Classes that derive from Object contain type-identification, they can be created through object factories, and they can send and receive events. Examples of these are all Component, Resource and UIElement subclasses. To be able to be constructed by a factory, they need to have a constructor that takes a Context pointer as the only parameter.
Object factory registration and object creation through factories are directly accessible only in C++, not in script.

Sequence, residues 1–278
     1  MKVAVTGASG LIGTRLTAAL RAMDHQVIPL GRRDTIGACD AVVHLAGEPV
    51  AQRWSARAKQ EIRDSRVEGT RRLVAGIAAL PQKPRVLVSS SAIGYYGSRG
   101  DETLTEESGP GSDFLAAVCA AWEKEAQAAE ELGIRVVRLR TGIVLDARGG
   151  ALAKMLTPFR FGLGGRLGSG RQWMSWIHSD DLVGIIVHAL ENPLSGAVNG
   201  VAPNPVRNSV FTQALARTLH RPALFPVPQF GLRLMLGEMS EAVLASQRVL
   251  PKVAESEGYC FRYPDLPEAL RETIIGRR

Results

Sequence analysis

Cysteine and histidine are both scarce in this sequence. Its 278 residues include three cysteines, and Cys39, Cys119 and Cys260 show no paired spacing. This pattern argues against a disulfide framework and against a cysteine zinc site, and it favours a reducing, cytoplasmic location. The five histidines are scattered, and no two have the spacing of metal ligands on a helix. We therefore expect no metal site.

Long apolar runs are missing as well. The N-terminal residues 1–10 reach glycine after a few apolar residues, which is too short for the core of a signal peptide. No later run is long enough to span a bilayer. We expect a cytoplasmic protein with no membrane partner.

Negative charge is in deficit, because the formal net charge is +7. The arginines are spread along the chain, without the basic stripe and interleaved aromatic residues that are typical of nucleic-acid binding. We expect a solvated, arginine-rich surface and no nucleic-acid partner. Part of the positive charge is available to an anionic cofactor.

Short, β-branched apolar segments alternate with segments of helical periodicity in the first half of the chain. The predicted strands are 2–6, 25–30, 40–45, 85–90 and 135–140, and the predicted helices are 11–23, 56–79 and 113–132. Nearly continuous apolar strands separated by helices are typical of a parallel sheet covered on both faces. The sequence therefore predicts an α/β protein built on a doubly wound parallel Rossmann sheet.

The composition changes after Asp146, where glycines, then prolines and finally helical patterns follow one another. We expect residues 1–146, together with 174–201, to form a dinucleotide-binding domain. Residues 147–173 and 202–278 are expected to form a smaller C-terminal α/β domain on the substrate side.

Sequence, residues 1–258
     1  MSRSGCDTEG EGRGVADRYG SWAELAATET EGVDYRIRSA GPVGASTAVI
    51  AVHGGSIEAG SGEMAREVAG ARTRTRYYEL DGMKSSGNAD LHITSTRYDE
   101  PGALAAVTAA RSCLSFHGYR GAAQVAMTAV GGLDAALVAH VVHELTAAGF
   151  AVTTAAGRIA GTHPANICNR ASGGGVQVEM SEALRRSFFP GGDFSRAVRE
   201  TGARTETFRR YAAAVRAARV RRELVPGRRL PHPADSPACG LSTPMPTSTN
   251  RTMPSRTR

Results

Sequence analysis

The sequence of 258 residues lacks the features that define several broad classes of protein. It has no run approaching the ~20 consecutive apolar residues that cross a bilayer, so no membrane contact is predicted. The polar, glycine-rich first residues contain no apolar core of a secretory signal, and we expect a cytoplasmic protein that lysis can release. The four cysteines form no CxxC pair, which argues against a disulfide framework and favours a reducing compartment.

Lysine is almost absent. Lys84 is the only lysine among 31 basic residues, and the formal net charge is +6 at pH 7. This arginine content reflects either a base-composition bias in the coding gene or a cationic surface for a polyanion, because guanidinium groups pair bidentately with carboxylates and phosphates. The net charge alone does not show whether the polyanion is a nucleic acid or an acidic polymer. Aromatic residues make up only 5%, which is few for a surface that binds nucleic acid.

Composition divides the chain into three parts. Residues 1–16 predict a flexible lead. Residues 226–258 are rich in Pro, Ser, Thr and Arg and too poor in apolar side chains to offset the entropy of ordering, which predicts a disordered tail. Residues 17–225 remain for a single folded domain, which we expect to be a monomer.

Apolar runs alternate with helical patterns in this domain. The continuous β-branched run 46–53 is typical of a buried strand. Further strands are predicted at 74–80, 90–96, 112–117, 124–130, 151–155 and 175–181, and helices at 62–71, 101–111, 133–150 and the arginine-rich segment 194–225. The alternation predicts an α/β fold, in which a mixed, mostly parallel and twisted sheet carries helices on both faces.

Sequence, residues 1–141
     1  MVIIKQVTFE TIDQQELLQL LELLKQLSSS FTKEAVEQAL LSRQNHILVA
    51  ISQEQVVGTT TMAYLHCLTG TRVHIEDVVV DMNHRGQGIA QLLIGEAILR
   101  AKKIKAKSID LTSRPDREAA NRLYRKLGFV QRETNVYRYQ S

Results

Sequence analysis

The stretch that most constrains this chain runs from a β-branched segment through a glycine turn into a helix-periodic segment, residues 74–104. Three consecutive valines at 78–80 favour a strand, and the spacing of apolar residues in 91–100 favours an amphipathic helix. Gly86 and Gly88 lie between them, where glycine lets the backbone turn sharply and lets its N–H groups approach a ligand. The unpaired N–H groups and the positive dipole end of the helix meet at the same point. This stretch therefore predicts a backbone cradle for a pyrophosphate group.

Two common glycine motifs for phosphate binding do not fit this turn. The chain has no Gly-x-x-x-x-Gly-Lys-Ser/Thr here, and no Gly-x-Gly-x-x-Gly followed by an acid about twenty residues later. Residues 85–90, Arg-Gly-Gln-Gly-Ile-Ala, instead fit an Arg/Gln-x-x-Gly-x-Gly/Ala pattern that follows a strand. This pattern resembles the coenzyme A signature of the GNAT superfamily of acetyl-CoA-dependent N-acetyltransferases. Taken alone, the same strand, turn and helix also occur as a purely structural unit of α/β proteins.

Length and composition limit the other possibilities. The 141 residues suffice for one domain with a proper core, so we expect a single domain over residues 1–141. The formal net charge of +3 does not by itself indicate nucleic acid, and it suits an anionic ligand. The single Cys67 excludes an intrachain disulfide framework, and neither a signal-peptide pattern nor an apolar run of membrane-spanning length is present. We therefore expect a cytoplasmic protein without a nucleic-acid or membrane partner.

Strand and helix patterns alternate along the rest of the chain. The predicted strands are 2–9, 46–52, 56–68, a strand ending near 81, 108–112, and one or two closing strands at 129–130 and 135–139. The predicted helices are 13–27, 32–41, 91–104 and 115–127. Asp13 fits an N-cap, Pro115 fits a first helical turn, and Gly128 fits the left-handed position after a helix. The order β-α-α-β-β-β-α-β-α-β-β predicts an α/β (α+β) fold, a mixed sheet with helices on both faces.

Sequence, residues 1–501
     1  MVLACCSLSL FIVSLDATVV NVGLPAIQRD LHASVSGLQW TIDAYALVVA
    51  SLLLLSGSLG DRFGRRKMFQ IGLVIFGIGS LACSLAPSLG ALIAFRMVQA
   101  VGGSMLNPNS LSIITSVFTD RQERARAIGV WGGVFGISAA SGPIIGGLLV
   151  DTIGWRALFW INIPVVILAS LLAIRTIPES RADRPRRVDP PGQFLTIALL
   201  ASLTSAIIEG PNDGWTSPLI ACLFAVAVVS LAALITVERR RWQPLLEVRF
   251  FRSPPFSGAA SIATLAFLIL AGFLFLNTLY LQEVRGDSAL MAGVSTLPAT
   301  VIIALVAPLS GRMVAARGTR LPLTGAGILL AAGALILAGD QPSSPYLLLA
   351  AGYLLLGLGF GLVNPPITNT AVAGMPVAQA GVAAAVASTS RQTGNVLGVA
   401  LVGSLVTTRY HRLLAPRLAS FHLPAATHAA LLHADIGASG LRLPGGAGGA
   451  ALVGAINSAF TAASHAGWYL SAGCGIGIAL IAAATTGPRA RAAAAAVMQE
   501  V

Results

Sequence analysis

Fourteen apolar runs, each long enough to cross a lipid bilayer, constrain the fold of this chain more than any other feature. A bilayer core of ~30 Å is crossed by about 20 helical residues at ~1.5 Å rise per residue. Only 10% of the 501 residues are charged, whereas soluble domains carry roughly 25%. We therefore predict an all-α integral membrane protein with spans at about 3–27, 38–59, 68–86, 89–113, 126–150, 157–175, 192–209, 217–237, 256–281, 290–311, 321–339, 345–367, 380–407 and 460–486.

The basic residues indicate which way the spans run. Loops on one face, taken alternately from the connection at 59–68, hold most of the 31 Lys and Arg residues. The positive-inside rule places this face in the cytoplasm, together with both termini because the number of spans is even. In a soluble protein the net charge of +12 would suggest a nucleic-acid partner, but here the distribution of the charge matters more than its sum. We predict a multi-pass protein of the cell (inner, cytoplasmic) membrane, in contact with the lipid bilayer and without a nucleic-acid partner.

The definition of an Object subclass must contain the OBJECT(className) macro. Type identification is available both as text (GetTypeName() or GetTypeNameStatic()) and as a 32-bit hash of the type name (GetType() or GetTypeStatic()).
To register an object factory for a specific type, call the RegisterFactory() template function on Context. You can get its pointer from any Object either via the context_ member variable, or by calling GetContext(). An example:
To create an object using a factory, call Context's CreateObject() function. This takes the 32-bit hash of the type name as a parameter. The created object (or null if there was no matching factory registered) will be returned inside a SharedPtr<Object>. For example: